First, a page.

According to the European Commission, freedom of expression (one of the pillars of democracy in Europe) is in jeopardy, as governments and private groups increase pressure on the media.
The Commission is due to enact a draft act aimed at fighting disinformation and supporting media freedom and pluralism. Before starting the legislative process, the Commission wants to collect views and insights from citizens, relevant Member States’ authorities and bodies, academics, media actors (both private and public service media) and umbrella organisations representing any of the interested stakeholders.
The EU is particularly aware of the risks that control over the media’s freedom of speech could pose to European democracies. This has been reflected in the Communication on the European Democracy Action Plan, where one of the EU’s priorities is fighting against all kind of pressures against free journalism, be it from physical attacks and violence (e.g. Recommendation on ensuring the protection, safety and empowerment of journalists) or from economic pressures.
The incoming European Media Freedom Act will target non-violent pressures, in particular, with respect to "instances of public and private interference in the ownership, management or operation of media outlets", "lack of media pluralism safeguards, including online" and "interference in editorial and management decisions of the media, which may lead to biased media coverage, among other issues, can affect investment or market entry decisions".
The EU Commission impact assessment on the European Media Freedom Act, sets out the following key objectives of the initiative:
- Ensure that media companies can operate in the internal market subject to consistent regulatory standards, including as regards media freedom and pluralism;
- Ensure that EU citizens have access to a wide and varied media offer both offline and online;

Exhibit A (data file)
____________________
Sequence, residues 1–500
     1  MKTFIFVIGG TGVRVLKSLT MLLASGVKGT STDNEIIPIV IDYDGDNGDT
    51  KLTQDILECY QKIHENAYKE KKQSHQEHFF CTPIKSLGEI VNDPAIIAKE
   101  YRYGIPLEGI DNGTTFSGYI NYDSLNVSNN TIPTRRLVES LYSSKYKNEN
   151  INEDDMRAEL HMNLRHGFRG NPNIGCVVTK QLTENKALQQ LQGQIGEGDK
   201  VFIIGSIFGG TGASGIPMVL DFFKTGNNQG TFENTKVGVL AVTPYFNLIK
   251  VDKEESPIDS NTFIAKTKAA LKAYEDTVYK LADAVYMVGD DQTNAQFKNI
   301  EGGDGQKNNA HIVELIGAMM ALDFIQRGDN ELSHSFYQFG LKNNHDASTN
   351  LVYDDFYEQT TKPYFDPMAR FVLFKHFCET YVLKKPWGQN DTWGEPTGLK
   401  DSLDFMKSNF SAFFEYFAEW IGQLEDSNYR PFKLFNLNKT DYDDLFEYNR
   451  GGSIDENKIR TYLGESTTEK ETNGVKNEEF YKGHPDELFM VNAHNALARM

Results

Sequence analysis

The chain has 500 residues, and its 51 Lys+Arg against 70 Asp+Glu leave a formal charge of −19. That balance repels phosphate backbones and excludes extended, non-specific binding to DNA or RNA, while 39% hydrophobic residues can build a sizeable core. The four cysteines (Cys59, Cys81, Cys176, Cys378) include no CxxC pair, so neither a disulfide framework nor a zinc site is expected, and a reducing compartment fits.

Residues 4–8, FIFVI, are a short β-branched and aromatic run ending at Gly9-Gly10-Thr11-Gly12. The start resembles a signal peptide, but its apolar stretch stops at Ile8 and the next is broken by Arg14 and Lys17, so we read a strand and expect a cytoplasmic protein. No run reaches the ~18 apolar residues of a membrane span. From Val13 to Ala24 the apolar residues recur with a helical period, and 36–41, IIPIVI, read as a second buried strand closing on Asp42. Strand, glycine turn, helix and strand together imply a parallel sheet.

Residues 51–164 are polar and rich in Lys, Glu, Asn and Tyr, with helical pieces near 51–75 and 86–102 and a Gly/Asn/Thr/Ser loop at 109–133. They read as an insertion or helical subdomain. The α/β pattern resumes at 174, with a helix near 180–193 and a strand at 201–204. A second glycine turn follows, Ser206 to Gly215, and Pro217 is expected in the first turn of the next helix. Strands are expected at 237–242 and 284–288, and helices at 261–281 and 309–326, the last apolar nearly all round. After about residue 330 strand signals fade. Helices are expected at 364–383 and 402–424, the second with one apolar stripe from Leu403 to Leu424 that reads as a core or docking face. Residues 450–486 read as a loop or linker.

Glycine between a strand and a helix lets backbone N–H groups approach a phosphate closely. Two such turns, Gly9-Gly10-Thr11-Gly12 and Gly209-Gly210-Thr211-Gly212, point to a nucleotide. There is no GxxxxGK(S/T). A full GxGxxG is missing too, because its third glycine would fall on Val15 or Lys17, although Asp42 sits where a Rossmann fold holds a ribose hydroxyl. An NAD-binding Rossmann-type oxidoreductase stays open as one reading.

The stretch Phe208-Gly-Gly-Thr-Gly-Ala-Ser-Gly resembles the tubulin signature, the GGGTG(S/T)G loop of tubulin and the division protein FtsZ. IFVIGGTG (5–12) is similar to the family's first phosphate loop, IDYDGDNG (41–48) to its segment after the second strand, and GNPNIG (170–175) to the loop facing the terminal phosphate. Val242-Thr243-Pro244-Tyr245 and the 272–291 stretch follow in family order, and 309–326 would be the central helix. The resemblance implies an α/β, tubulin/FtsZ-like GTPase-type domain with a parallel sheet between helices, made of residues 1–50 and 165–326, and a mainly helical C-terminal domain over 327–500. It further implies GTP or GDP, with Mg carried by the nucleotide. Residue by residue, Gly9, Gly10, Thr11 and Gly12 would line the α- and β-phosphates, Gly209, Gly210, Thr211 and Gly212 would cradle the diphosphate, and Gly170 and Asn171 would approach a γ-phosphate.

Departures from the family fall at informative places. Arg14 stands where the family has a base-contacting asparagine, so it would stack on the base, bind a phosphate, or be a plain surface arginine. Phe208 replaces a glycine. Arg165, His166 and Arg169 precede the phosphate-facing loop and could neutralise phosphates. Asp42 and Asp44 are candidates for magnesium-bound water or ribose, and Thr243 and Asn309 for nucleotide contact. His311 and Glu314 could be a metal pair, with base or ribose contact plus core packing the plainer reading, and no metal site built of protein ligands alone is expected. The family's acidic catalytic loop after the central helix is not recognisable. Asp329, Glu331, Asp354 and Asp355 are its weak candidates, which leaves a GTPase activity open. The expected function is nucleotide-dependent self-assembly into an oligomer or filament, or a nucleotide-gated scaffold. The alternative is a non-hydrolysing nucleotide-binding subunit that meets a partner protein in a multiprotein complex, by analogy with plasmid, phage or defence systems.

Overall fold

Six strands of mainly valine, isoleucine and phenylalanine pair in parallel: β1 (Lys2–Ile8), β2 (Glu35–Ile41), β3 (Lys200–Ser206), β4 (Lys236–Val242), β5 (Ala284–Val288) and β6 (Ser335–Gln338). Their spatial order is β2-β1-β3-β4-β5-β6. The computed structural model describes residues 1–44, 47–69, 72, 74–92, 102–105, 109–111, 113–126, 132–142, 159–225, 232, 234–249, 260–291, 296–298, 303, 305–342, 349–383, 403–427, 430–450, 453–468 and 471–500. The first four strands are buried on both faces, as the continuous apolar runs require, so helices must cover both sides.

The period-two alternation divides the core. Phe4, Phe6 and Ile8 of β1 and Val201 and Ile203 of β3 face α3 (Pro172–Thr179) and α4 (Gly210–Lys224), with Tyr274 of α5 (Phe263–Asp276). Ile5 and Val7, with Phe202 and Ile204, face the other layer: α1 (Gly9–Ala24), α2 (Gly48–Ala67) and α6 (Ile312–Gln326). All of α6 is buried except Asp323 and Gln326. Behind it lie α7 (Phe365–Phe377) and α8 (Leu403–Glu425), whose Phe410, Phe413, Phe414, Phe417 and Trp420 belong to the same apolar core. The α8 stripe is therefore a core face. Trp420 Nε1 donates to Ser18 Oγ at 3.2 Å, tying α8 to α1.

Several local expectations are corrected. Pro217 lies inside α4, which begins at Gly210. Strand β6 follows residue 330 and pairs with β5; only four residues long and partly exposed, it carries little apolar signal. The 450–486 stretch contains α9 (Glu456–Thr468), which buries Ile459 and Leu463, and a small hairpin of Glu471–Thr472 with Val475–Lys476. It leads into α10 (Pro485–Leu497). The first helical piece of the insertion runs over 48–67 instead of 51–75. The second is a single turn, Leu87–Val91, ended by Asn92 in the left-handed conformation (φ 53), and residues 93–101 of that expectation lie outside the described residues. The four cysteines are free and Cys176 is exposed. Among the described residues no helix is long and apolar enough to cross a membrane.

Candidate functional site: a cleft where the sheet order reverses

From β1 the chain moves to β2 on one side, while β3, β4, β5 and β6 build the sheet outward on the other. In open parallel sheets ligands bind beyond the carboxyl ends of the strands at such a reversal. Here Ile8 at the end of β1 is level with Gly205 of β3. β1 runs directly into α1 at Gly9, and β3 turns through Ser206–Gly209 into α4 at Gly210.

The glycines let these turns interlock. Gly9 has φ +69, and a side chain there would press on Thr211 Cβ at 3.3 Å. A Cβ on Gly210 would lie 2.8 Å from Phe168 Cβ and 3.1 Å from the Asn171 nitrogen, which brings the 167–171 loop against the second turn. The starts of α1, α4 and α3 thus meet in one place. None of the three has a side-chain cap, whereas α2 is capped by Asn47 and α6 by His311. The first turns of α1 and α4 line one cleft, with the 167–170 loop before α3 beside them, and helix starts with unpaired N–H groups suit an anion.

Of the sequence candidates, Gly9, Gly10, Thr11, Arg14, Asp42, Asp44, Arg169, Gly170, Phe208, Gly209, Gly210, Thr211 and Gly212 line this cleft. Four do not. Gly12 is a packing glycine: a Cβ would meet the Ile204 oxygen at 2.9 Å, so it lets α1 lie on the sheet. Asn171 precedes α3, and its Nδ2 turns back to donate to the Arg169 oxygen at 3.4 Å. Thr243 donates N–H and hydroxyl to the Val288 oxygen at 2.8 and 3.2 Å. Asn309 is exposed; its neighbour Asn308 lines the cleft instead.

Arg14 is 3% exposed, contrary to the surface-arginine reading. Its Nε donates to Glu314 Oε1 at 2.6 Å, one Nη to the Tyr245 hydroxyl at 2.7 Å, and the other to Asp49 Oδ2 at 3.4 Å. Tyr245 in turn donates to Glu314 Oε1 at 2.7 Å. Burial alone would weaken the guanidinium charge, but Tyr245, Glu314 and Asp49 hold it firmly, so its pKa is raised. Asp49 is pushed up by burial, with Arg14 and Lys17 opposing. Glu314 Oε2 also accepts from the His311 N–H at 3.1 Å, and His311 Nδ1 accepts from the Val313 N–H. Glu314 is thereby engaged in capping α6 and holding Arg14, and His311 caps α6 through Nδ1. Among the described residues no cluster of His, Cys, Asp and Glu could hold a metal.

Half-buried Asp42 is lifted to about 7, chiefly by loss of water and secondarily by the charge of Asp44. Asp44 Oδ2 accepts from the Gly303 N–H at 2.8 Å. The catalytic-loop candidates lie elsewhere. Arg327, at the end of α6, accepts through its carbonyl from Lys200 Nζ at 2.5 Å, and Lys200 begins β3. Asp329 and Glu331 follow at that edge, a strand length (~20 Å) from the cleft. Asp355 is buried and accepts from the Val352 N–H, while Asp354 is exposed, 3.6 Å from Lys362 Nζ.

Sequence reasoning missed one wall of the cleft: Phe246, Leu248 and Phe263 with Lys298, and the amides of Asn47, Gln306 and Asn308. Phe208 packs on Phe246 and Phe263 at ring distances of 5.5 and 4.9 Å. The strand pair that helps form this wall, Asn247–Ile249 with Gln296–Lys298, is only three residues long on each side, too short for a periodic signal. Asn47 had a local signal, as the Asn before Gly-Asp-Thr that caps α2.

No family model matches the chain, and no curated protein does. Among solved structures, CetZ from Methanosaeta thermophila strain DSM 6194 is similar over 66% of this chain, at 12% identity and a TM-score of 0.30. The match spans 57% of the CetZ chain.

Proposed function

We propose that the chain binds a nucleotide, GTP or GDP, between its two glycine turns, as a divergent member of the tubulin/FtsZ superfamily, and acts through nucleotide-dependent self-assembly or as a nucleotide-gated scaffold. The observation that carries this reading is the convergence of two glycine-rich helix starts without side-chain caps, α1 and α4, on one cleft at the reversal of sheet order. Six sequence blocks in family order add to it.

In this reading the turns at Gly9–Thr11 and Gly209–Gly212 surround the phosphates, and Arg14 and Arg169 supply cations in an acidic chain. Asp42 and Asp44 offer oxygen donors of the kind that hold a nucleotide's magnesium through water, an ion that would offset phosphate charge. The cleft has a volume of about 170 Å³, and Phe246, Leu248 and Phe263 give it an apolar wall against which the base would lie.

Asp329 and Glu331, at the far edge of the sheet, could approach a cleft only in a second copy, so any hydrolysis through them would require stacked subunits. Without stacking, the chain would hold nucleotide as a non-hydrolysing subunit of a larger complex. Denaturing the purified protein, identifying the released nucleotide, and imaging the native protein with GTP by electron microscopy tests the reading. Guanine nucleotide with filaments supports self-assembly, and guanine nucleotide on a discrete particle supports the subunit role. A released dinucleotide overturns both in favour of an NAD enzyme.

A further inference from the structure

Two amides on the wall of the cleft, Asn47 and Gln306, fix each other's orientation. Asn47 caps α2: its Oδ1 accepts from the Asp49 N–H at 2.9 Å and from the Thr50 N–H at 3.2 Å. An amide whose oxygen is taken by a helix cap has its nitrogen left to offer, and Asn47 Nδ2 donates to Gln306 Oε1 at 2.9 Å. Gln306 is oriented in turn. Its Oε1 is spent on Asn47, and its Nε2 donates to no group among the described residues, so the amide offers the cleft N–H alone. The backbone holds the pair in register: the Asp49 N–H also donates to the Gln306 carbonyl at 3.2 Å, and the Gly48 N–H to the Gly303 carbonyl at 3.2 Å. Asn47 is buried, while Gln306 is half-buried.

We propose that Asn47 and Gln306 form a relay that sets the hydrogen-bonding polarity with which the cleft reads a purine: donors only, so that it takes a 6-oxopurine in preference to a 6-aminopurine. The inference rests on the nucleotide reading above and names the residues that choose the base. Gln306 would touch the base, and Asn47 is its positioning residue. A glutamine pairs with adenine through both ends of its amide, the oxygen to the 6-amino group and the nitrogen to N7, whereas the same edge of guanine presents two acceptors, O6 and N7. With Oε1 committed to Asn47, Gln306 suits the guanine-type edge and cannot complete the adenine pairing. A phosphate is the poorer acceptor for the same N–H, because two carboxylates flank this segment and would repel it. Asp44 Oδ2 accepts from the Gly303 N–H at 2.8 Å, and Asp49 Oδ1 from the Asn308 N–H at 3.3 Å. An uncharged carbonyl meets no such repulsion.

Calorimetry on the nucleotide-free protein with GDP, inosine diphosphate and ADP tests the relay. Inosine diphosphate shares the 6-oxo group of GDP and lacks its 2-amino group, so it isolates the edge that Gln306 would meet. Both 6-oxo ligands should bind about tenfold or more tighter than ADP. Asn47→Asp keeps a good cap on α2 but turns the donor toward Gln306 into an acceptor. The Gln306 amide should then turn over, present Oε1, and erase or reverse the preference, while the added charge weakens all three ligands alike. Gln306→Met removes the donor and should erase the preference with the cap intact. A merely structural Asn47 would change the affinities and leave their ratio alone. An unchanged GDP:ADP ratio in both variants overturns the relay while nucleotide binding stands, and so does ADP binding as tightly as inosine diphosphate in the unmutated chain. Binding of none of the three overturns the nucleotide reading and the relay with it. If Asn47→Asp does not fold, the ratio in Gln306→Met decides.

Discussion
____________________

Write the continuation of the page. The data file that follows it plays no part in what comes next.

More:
- Safeguard the editorial independence and independent management of the media, which is a precondition of media freedom and of the integrity of the internal market; and
- Foster undistorted competition between media companies by ensuring a transparent and fair allocation of state resources.
Main envisaged obligations
Some of the envisaged actions to accomplish these objectives are quite ambitious, such as:
- Scrutiny of media market transactions;
- Transparency of media ownership;
- Transparency of audience measurement; and
- Independence of public service media, transparency and fair distribution of state advertising.
Besides these actions, there could be further obligations for online environments.One of the issues to be solved is that "online diffusion and amplification techniques may accentuate the problems, ultimately to the detriment of the diversity of the media offer".
Participating in the public consultation
The European Commission has launched a public consultation. The deadline of the feedback period is 21 March 2022.
- Relevant stakeholders should be aware of this initiative and consider participating in the public consultation in order to provide their views.
- Media companies under the scope of this initiative should keep an eye on their internal procedures/policies in order to check how this initiative could affect them.
- Other interesting media initiatives should be monitored, such as the upcoming initiative to protect journalists and rights defenders from abusive litigation.